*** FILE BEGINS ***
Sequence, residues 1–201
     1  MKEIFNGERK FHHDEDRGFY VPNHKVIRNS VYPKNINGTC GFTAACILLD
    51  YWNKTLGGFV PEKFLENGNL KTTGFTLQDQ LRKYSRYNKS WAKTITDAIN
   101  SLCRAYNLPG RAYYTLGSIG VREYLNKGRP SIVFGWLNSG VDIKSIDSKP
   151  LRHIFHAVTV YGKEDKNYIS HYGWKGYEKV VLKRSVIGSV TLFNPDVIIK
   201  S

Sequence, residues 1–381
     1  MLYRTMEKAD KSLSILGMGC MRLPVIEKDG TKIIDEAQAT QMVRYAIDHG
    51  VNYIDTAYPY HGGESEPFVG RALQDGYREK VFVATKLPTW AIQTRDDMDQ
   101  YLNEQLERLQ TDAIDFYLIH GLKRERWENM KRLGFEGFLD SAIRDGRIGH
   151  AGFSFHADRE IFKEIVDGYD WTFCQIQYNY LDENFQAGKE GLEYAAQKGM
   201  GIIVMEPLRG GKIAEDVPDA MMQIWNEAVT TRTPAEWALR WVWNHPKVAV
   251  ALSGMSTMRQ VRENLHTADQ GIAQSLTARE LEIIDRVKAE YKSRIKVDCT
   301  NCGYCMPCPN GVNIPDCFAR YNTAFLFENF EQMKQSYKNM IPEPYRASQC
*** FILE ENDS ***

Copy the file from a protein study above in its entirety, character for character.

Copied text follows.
Sequence, residues 1–201
     1  MKEIFNGERK FHHDEDRGFY VPNHKVIRNS VYPKNINGTC GFTAACILLD
    51  YWNKTLGGFV PEKFLENGNL KTTGFTLQDQ LRKYSRYNKS WAKTITDAIN
   101  SLCRAYNLPG RAYYTLGSIG VREYLNKGRP SIVFGWLNSG VDIKSIDSKP
   151  LRHIFHAVTV YGKEDKNYIS HYGWKGYEKV VLKRSVIGSV TLFNPDVIIK
   201  S

Sequence, residues 1–381
     1  MLYRTMEKAD KSLSILGMGC MRLPVIEKDG TKIIDEAQAT QMVRYAIDHG
    51  VNYIDTAYPY HGGESEPFVG RALQDGYREK VFVATKLPTW AIQTRDDMDQ
   101  YLNEQLERLQ TDAIDFYLIH GLKRERWENM KRLGFEGFLD SAIRDGRIGH
   151  AGFSFHADRE IFKEIVDGYD WTFCQIQYNY LDENFQAGKE GLEYAAQKGM
   201  GIIVMEPLRG GKIAEDVPDA MMQIWNEAVT TRTPAEWALR WVWNHPKVAV
   251  ALSGMSTMRQ VRENLHTADQ GIAQSLTARE LEIIDRVKAE YKSRIKVDCT
   301  NCGYCMPCPN GVNIPDCFAR YNTAFLFENF EQMKQSYKNM IPEPYRASQC